Spain’s ruling Popular Party (PP) has presented a reform proposal to Congress that could result in the banning of memes, social network users’ way of gaining comic revenge on the politicians that rule our lives.
The reform wishes to curb the “spreading of images that infringe the honour of a person”, making special mention of the fact that Spain’s 1982 law covering this area is outdated due to the subsequent appearance of the internet.
But campaigners for free speech see the proposal as an attack against the sometimes irreverent humour and political expression in memes, many of which have poked fun at the PP’s leader and conservative prime minister, Mariano Rajoy.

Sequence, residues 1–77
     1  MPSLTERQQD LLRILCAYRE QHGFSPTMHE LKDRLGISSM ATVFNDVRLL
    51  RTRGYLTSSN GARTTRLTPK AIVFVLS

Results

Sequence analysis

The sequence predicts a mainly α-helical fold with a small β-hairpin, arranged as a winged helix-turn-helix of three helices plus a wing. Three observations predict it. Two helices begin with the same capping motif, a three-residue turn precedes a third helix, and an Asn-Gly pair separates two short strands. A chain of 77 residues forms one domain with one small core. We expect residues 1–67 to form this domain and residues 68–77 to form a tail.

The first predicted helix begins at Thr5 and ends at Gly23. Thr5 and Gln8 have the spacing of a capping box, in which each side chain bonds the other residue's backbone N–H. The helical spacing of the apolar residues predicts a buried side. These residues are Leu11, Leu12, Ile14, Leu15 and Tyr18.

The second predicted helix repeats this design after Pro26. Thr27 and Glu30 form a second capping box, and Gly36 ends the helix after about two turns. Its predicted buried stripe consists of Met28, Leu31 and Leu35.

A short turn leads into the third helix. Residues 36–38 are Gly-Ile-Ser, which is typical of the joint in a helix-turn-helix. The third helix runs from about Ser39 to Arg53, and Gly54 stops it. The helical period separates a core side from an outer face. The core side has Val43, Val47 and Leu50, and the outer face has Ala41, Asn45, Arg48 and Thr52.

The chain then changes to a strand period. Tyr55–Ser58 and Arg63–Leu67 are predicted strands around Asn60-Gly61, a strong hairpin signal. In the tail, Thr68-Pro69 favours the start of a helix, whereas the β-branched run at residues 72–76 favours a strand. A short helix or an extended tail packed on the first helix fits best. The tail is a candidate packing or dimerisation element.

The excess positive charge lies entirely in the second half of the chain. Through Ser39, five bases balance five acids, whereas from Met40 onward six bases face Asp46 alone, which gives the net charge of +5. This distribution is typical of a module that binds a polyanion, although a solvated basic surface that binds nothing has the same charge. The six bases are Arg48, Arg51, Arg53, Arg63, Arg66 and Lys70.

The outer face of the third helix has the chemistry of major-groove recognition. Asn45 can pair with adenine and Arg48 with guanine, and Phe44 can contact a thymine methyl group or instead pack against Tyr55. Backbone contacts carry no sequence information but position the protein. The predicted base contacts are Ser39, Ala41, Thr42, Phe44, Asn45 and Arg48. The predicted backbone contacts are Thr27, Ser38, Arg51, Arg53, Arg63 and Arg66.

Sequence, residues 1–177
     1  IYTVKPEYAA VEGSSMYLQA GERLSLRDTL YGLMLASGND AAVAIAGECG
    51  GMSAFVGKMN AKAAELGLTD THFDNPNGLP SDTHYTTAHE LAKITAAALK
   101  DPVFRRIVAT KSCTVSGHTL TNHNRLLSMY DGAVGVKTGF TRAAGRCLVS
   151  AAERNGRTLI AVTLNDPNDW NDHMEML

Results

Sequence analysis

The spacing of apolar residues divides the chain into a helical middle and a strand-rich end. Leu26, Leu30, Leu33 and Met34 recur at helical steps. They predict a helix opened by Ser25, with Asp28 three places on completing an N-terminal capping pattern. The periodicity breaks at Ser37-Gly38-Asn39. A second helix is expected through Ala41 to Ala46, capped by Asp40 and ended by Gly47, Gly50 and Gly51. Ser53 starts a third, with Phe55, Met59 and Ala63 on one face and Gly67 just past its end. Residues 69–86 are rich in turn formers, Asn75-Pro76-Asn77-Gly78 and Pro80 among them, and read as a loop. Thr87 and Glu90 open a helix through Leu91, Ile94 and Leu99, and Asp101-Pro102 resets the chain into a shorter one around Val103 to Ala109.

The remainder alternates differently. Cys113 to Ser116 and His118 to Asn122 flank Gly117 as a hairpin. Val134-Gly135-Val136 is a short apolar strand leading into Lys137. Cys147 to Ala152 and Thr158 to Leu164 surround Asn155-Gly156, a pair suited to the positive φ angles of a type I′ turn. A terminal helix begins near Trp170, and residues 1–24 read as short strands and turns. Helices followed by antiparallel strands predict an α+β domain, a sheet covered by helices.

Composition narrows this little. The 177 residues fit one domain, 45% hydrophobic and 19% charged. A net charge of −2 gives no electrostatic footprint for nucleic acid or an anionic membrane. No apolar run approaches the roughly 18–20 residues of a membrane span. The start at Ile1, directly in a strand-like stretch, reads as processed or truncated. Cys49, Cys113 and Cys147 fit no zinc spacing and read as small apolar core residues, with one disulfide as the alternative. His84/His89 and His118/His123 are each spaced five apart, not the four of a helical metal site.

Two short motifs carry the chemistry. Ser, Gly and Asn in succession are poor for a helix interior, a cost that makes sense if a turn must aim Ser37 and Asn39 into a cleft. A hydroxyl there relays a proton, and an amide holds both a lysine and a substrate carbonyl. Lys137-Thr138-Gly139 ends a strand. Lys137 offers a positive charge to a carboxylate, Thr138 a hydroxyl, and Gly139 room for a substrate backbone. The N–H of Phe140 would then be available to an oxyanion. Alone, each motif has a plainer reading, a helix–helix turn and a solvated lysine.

“We are worried about this reform because internet does not require special laws; the same rights and duties should exist online as offline,” Spain’s Platform for the Defence of Freedom of Information said.
The PDLI’s legal director, Carlos Sánchez Almeida, said that the reform appeared designed to “censor memes”.
“If the plan is to clamp down on any publication of images without consent of the individual, the popular activity of using memes to generate political or social criticism would become dangerous.”